Mum-of-two smashed bottle in woman’s face after she jumped the queue for Parklife


A woman attacked another Parklife festival reveller with a drinks bottle in a row over queue jumping.

Kyleshia Kinight-Greig has been spared jail so she can try to rebuild her career caring for the elderly.

The 30-year-old appeared for sentencing at Manchester Minshull Street Crown Court after pleading guilty to actual bodily harm on June 9, 2019, at the festival in Heaton Park.

Mother-of-two Knight-Greig, of Wythenshawe, hit her victim Shannon Williams in the face with the bottle, cutting her above the eye, after she was challenged about ‘pushing in the queue’.

Anthony Longworth, prosecuting, said the argument began when Knight-Greig tried to join her friend who was further advanced in the queue before Ms Williams complained about her behaviour.

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He said: “She and her friend were pushing their way through the crowd to get into Parklife. Miss Knight-Greig said she wanted to go ahead to join her friend.

Manchester Minshull Street Crown Court

“An argument with the victim ensued with pushing and shoving involved. But she hit her victim in the face with a bottle, causing lacerations above her right eye.”

The court heard that the blow did not cause the bottle to break.

Judge Bernadette Baxter heard that Knight-Greig had grown up in care and suffered post-traumatic stress disorder (PTSD) as a result of a prior violent relationship.

Rachel White, defending, said her client had been suspended from her job working for Equilibrium Care as a result of the case.

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Sentencing Knight Greig to a 12-month community order in which she must complete 20 days’ rehabilitation and continue to engage with her local women’s aid centre, Judge Baxter said the confrontation with Ms Williams ‘quickly escalated from verbal aggression to physical aggression’.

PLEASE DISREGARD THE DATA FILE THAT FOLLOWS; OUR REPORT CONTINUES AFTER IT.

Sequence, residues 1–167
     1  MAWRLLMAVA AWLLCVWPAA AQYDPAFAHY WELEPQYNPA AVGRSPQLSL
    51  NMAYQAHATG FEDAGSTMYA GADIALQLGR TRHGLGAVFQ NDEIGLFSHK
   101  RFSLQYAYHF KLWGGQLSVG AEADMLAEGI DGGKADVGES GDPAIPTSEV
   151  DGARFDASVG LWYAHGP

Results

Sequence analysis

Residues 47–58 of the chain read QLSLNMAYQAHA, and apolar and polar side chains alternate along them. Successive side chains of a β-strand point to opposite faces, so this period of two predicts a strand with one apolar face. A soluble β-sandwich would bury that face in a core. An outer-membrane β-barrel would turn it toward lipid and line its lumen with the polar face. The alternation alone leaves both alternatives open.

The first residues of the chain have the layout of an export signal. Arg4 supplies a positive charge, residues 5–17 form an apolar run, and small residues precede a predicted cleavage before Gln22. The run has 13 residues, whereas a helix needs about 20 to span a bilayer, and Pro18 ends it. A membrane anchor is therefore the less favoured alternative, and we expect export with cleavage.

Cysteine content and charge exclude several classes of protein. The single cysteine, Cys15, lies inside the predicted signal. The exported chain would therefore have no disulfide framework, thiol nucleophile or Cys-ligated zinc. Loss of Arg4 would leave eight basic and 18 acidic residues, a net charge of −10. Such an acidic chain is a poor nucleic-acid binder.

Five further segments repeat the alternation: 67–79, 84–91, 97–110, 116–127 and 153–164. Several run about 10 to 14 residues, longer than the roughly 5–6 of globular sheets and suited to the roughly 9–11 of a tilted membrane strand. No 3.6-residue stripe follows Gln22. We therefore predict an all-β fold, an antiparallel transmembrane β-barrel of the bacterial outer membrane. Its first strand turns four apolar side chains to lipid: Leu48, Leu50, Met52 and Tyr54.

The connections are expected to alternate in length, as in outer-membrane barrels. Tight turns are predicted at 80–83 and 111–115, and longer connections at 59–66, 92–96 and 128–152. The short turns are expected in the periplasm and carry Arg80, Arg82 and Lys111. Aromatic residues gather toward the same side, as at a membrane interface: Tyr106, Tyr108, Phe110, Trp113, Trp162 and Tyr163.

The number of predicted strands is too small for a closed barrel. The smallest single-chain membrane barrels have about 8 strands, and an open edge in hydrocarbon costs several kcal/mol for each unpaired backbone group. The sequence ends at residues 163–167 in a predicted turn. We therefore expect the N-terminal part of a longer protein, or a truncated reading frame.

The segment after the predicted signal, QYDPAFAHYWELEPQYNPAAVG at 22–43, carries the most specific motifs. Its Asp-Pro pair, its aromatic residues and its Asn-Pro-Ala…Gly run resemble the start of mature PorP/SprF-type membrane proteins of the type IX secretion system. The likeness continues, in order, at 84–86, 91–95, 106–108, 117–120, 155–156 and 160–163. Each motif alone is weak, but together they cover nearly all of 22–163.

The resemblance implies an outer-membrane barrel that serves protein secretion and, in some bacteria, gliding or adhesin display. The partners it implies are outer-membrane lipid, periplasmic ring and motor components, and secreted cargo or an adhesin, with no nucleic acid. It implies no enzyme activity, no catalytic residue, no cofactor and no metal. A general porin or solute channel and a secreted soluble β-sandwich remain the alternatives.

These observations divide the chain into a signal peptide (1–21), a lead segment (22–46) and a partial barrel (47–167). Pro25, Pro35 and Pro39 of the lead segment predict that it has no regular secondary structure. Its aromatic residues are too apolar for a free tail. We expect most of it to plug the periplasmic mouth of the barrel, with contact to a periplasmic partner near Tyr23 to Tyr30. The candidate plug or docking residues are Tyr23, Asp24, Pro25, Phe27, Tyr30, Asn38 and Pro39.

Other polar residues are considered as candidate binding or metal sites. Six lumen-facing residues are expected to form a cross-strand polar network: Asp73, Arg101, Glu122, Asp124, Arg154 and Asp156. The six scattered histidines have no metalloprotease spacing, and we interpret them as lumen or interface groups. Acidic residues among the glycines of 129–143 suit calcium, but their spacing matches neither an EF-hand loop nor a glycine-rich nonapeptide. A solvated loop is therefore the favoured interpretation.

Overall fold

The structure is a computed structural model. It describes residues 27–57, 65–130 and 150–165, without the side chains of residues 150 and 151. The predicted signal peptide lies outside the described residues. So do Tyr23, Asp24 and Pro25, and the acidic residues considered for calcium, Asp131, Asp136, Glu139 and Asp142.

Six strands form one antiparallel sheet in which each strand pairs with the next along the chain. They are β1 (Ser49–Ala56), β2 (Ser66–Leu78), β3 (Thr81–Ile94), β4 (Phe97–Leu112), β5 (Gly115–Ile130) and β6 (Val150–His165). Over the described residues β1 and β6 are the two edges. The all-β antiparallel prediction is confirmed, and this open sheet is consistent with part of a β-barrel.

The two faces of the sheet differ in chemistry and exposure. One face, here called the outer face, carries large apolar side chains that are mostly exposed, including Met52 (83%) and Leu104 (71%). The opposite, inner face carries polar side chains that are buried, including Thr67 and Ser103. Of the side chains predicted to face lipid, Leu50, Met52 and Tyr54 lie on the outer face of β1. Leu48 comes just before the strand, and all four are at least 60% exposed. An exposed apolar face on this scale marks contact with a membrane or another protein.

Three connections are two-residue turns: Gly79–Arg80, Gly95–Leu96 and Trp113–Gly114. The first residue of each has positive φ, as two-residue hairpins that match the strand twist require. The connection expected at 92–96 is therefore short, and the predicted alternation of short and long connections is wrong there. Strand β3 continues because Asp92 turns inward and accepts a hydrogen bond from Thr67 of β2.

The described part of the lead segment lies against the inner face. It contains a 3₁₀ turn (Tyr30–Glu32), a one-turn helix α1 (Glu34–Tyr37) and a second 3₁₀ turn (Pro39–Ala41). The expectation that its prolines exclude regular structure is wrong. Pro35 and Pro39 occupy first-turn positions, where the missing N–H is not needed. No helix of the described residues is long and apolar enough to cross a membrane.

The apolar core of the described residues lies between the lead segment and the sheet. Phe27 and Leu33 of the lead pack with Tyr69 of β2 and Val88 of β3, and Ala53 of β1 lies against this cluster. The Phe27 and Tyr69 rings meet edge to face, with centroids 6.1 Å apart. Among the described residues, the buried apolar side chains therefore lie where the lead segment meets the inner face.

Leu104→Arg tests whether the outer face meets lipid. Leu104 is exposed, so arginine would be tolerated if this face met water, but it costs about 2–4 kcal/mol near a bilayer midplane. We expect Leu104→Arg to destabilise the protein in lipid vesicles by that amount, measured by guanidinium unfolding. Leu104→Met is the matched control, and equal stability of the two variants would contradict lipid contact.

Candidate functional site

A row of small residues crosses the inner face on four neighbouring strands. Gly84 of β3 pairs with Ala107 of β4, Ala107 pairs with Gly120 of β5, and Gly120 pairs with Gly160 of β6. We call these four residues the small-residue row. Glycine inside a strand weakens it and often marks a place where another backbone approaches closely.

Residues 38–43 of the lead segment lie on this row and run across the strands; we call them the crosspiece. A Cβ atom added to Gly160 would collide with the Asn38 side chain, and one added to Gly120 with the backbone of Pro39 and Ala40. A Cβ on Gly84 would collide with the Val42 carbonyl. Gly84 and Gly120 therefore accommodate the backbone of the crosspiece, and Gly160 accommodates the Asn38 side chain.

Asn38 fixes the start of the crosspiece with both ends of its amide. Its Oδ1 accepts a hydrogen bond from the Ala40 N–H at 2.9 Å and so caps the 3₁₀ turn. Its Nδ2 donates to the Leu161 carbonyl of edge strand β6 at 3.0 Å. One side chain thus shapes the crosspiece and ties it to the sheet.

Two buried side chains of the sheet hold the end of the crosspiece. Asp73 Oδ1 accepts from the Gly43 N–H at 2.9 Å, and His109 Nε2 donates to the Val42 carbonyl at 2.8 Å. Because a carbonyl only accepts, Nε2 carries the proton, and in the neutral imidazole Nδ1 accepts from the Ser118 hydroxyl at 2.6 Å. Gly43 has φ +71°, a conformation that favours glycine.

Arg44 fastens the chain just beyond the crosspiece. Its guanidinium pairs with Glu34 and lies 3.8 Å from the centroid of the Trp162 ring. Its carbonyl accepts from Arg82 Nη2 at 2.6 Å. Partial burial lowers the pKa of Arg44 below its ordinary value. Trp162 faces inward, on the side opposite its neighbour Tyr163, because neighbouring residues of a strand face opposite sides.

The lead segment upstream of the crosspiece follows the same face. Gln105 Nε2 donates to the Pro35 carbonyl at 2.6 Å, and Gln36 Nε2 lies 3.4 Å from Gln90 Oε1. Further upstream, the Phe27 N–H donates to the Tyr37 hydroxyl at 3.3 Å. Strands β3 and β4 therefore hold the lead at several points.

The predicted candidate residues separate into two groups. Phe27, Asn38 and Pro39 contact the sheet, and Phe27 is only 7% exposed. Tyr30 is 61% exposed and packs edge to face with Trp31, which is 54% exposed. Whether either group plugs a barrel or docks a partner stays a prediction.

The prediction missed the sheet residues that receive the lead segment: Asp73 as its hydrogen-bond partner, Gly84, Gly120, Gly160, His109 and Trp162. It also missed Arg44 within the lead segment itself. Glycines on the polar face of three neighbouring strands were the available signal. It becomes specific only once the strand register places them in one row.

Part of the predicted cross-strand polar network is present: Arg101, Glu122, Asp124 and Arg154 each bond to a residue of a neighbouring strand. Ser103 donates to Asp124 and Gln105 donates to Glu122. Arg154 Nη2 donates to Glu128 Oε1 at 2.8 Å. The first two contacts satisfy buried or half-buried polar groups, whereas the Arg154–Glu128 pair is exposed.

“You caused her to have a cut above her eye,” said Judge Baxter. “But you didn’t admit that straight away.

“You took it all the way to trial and then pleaded guilty at the trial. You knew, having been a victim of violence yourself, how pernicious its effects can have on the victim.”

Knight-Greig, of Yarmouth Drive, was given credit by the judge for having no previous convictions for violence and not having committed offenses in the two-and-a-half years since the attack. The court heard how Knight-Greig, a single mother, was also studying towards a degree in care.

Judge Baxter said the community order was ‘not a soft option’ and went on to say: “I have no control over whether they [her employers] keep you on in your job.

“My hope is that this [the community order] enables you to continue working and studying. But that is a matter for your employer and your student body.

“But it is regrettable that you haven’t found the strength to be open and honest about this incident.”

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George Holan

George Holan is chief editor at Plainsmen Post and has articles published in many notable publications in the last decade.

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